Safety commission urges vacation-rental owners to disable elevators immediately

Following the death of a 7-year-old boy in a residential elevator in Corolla earlier this month, the U.S. Consumer Product Safety Commission is urging all vacation rental platforms, including AirBnB, Vrbo and owners, to disable their elevators immediately.

“The agency is taking steps with the manufacturers, but we need the businesses that facilitate vacation rentals to join us,” CPSC Acting Chairman Robert Adler said in a statement Wednesday. “These injuries and deaths are horrific, and we need property owners and rental agencies to disable elevators immediately until they have been inspected.”

On July 11, a 7-year-old boy from Canton, Ohio, was trapped in a residential elevator at a vocation home in the 1100 block of Franklyn Street in the Corolla Light neighborhood. Rescuers freed the boy and tried to resuscitate him, but the child died.

Residential elevators pose a hidden and deadly hazard: small children can be crushed to death in a gap that may exist between the doors, the CPSC said in the statement. If the gap between any exterior (i.e., hoistway) door, and the farthest point of the inner door (which is often an accordion door) is too deep, a child can enter and close the hoistway door without opening the interior car door, and become entrapped between the two doors, resulting in serious injuries or death when the elevator car moves.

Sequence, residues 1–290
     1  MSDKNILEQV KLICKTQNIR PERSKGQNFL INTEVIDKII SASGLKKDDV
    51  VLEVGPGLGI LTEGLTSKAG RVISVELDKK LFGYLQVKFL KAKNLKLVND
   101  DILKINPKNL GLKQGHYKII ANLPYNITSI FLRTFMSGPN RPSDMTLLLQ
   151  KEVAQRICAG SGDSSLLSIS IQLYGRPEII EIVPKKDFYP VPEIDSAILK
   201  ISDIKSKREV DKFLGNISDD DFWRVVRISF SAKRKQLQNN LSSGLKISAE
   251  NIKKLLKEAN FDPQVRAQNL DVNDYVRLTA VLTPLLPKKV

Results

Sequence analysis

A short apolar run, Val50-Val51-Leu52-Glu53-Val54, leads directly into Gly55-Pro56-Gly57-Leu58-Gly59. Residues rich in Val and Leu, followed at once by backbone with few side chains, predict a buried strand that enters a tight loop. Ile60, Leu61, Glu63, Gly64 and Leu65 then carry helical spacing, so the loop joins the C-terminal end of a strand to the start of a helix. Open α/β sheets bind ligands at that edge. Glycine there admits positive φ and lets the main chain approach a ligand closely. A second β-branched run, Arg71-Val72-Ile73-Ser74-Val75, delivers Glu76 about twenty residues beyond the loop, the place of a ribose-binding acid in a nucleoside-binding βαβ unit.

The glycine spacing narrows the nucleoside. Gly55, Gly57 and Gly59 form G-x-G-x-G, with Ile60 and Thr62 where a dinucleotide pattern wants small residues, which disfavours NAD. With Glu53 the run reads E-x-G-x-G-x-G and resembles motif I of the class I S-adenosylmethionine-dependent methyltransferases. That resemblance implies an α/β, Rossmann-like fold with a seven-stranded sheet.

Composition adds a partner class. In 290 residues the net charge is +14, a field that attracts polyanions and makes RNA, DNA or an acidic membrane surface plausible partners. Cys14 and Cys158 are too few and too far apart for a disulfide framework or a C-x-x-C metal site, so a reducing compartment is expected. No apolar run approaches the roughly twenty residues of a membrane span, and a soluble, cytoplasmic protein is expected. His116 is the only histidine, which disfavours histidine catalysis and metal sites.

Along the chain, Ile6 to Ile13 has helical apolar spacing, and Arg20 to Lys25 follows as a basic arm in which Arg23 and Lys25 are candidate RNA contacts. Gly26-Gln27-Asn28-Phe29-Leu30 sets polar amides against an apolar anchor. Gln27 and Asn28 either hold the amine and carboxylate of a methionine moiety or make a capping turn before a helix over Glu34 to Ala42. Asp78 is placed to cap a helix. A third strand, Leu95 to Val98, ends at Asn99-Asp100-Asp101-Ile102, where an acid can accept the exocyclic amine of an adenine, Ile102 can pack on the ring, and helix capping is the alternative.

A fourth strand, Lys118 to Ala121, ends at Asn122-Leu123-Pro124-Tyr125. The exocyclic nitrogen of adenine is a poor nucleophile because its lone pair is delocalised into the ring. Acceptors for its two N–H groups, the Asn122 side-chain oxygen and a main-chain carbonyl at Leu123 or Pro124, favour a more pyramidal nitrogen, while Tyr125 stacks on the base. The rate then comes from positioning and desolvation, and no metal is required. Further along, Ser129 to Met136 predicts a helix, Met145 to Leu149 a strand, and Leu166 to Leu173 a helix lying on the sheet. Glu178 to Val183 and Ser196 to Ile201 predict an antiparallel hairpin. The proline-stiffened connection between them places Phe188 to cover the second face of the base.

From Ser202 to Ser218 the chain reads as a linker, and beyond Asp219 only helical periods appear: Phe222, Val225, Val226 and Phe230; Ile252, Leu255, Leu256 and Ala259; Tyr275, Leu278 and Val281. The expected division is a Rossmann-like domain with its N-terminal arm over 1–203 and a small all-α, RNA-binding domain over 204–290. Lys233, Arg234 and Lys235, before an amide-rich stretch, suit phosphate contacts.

Children, some as young as 2, and as old as 12, have been crushed to death in this gap, suffering multiple skull fractures, fractured vertebrae and traumatic asphyxia, the commission said. Other children have suffered devastating and lifelong injuries.

The commission sent a letter to vacation rental businesses Wednesday, asking rental companies to notify all renters immediately about the potential hazard via email, or in a warning box on their reservation or booking pages; immediately require all members or “hosts” using the platforms to lock outer access doors or otherwise disable the elevators in their properties, unless and until those members provide proof of an inspection, certifying that no hazardous gap exists; and require elevator inspections of anyone posting a listing going forward.

Over the last several years, CPSC has issued warnings, recalls and a lawsuit concerning residential elevators.

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